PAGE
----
A study charges Western researchers with First World cultural imperialism

Science that Colonizes

A Critique of Fertility Studies in Africa

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Agnes Riedmann

"This is an excellent book. It is timely for the field of demography, where the current mood indicates a willingness to reevaluate accepted empirical practices and to rethink standard theoretical positions. This book should contribute importantly to that reevaluation and rethinking, especially so as it is written in a clear and accessible style."
Susan Watkins, Center for Advanced Studies in Behavioral Sciences

Agnes Riedmann argues that the authority of First World scientists to penetrate the Third World for research has its roots in the 15th century idea of a "right to invade." Introducing "World System Demography," a global, bureaucratically administered science that is controlled by the First World elite, she analyzes three large-scale research projects that were carried out among the Yoruba in Nigeria in the early 1970s. She maintains that World System Demography, exemplified by such studies, is an agent of First World-directed cultural imperialism.

Charging that World System Demography is an extension of the Western family planning/birth control movement, Riedmann critically analyzes how even the collection of data ultimately promotes contraception. Using the reports of interviewers, she illustrates how Western assumptions conflict with those of the research population, and she discusses policy considerations.



Read a review from Canadian Journal of African Studies, Volume 32.1 (1998), written by Karol J. Krotki (pdf).



Maps and Tables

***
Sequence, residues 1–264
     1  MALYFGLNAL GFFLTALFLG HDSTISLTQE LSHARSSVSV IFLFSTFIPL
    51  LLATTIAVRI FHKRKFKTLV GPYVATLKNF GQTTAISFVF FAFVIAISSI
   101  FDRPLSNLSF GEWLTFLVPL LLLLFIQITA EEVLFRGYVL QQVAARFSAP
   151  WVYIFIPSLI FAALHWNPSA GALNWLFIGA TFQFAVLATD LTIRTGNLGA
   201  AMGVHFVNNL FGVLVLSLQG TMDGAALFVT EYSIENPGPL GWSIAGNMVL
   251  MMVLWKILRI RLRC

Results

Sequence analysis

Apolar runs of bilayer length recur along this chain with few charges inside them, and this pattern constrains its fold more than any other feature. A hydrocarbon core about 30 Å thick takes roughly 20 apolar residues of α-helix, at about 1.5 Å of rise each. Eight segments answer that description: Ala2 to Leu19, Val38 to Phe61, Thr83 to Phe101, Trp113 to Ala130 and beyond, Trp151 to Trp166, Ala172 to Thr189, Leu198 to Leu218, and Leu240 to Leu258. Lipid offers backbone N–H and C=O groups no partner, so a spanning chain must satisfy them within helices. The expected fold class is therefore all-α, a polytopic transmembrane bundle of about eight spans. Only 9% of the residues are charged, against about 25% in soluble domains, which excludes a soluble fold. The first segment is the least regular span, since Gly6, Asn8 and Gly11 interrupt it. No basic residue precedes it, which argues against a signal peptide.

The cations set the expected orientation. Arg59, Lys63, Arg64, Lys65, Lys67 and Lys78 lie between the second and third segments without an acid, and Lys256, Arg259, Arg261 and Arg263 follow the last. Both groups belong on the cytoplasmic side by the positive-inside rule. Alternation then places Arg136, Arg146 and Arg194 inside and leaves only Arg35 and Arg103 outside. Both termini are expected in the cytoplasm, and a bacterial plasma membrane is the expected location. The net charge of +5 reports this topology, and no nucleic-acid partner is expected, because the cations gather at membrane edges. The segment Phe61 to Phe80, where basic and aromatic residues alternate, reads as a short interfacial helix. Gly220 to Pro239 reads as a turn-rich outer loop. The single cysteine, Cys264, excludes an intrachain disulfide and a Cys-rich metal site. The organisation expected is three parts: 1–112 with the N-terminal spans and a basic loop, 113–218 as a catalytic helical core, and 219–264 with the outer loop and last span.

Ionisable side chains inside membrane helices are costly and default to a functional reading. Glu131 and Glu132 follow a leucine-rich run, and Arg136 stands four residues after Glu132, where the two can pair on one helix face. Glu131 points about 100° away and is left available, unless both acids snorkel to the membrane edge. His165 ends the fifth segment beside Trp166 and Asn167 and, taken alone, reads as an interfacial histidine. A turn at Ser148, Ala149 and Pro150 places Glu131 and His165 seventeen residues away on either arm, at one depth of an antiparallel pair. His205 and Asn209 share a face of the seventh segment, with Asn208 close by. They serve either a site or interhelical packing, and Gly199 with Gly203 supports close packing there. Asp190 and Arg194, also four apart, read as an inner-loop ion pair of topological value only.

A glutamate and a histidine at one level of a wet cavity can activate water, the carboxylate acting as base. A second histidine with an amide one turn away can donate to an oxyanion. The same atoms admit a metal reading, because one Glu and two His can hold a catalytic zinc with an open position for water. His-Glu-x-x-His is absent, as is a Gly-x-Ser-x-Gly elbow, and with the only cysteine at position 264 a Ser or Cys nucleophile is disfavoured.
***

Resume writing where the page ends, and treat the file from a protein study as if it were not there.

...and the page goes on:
1. Introduction: World-System Demography and the Yoruba
Bureaucratic Surveillance • The CAFN Projects • From World-System Theory to World-System Demography • Nigerian Demographic Data • The Yoruba • What Follows

2. Historical Prelude: Bringing Yorubaland into the World System
Eurocentric Devaluation of the Yoruba • Deconstruction of the Indigenous Economy • Advancing Bureaucratic Surveillance • Resistance and Political Liberation • Nigeria Today • Demographic Parallels with the Historical Themes • Conclusion

3. The Yoruba Fieldworkers: Emissaries of Bureaucratic Surveillance
The Subordinates as Yorubas • The Bureaucratic Supervision Network • Ongoing Training • Conclusion

4. Gaining Entrance
"Block 40" and Surveillance • Utilizing Cultural Capital from Two Worlds • Sources of Difficulty • Invading Subjects' Territorial Selves • Conclusion

5. The Lessons Inherent in the CAFN Projects
Disciplining Power and Docile Bodies • Lesson 1: The "Real" Family Is the Nuclear Family • Lesson 2: Children Should be Evaluated According to a Cost Calculus • Lesson 3: Western Contraceptive Methods are Morally Acceptable as Traditional Measures • Lesson 4: Personal Efficacy is Normal and Natural • Lesson 5: Placing Oneself under Bureaucratic Surveillance is Normal and Natural • Conclusion

6. Resisting the Lessons
"I strongly suspect that she lied" • "This attitude is foreign to African society" • "The poor man must not lack both wealth and children" • "She is not interested in such topics" • "Things should be allowed to happen as it pleases God" • Restating the Yoruba Case • The Effect of Western Schooling on Compliance • Conclusion

7. The CAFN Projects as Exercises in World-System Demography: Policy Considerations
Exploitation and Reactivity • World-System Demography and Funding Agencies • Opening Doors • Conclusion

Appendix A: The Study Design
Appendix B: Description of Background Documents, with Samples


About the Author(s)

Agnes Riedmann has taught sociology and anthropology at the University of Nebraska and Creighton University.

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Health, Society, and Policy, edited by Sheryl Ruzek and Irving Kenneth Zola.

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Health, Society and Policy, edited by Sheryl Ruzek and Irving Kenneth Zola, takes a critical stance with regard to health policy and medical practice, ranging broadly in subject matter. Backlist titles include books on the legal and professional status of midwifery, the experience and regulation of kidney transplants, the evolution of federal law on architectural access, and a political/ethical argument for making the community responsible for universal access to health care.



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